One major upgrade for this year's design was a wide-view camera that sits inside a clear plastic bubble and has two axes of rotation that allow the submarine to spot targets without changing orientation; last year's design required the submarine to fire its thrusters and roll and pitch while conducting searches in order to find its targets. The competition's judges noted this as an innovation that had not been seen before at the event.

Another major improvement was the addition of a clear acrylic dome on the top of the robot that allowed for easy access to its electronics, allowing the team to make changes without having to do major disassembly and reassembly.

The International RoboSub Competition is hosted annually by the Association for Unmanned Vehicle Systems International (AUVSI), a non-profit organization dedicated to advancing the robotics community. In addition to completing the obstacle course, participating teams must generate a technical paper about their submarine, create a video, build a website to track progress, and give a presentation to a panel of judges.  

For its first-place finish, Caltech's team was awarded the top prize of $6,000. A video of the event can be viewed online at http://www.robonation.org/competition/robosub.

The team will reconvene in October to begin planning the next year's robotic submarine.

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Thursday, August 11, 2016
Center for Student Services 360 (Workshop Space) – Center for Student Services

Teaching Statement Workshop 2: Peer Review

Richard Murray Named to DOD Panel on Innovation

Secretary of Defense Ash Carter named Caltech's Richard Murray to the Defense Innovation Advisory Board, a 15‑member panel established in March to advise the Department of Defense (DOD) on innovation.

Murray (BS '85), is the Thomas E. and Doris Everhart Professor of Control and Dynamical Systems and Bioengineering in the Division of Engineering and Applied Science. He joined the Caltech faculty in 1991, and served as the EAS division chair from 2000 to 2005.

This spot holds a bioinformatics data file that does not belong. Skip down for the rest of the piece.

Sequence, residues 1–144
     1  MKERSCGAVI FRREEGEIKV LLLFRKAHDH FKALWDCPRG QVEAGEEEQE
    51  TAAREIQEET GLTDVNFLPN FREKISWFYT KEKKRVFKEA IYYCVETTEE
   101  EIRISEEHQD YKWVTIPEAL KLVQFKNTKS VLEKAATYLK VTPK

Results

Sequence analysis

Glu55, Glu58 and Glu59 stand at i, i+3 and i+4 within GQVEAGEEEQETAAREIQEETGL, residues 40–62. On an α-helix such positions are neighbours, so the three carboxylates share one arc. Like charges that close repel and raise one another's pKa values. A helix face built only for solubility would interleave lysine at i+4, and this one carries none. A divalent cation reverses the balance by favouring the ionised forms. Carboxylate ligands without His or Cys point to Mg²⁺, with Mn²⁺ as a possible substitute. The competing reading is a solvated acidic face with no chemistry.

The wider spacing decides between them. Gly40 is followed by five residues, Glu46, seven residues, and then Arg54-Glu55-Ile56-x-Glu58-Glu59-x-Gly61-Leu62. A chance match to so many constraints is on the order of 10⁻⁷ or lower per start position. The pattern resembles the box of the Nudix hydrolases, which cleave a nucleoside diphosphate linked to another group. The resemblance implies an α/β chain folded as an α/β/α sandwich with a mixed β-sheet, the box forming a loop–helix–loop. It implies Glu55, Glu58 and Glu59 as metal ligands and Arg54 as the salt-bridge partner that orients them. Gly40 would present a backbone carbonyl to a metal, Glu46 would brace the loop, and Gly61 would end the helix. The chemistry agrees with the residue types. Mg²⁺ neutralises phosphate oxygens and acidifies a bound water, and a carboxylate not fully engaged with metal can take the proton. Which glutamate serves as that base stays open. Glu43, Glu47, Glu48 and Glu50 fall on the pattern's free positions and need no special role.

The Defense Innovation Advisory Board includes scholars and innovators who focus on new technologies and organizational behavior and culture. Secretary Carter has asked the board to identify technology and practices from the private sector that could be used by the DOD.

The board, chaired by Eric Schmidt, executive chairman of Alphabet (the parent company of Google), also includes Jeff Bezos of Amazon Inc., and astrophysicist Neil deGrasse Tyson, among others.

The board members, "represent some of the most innovative minds in America," Secretary Carter said in a press release. "I appreciate their willingness to join this effort and keep the Department of Defense on the cutting edge." He announced the new appointments at the formal opening of the new Defense Innovation Unit Experimental (DIUx) office in Boston on July 26.

Murray's research focuses on control theory and networked systems, with applications in biology, robotics, and aerospace engineering. He received the IEEE Control Systems Award in June 2016 "for contributions to the theory and applications of nonlinear and networked control systems." He was also recently acknowledged by Thomson Reuters for belonging to the top one percent of most cited researchers during the period of 2002 through 2012.

The Defense Innovation Advisory Board will begin work this summer, and will provide initial recommendations to Secretary Carter by October.

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Thursday, August 4, 2016

Data Visualization Summer Internship Program Final Presentations

Improving Computer Graphics with Quantum Mechanics

Caltech applied scientists have developed a new way to simulate large-scale motion numerically using the mathematics that govern the universe at the quantum level.

The new technique, presented at the International Conference and Exhibition on Computer Graphics & Interactive Techniques (SIGGRAPH), held in Anaheim, California, from July 24-28, allows computers to more accurately simulate vorticity, the spinning motion of a flowing fluid.

A smoke ring, which seems to turn itself inside out endlessly as it floats along, is a complex demonstration of vorticity, and is incredibly difficult to simulate accurately, says Peter Schröder, Shaler Arthur Hanisch Professor of Computer Science and Applied and Computational Mathematics in the Division of Engineering and Applied Science.

"Since we are computer graphics folks, we are interested in methods that capture the visual variety and drama of fluids well," says Schröder. "What's unique about our method is that we took a page from the quantum mechanics's 'playbook.'"

The Schrödinger equation, the basic description of quantum mechanical behavior, can be used to describe the motion of superfluids, which are fluids supercooled to temperatures near absolute zero that behave as though they are without viscosity. Viscosity is a fluid's resistance to deformation.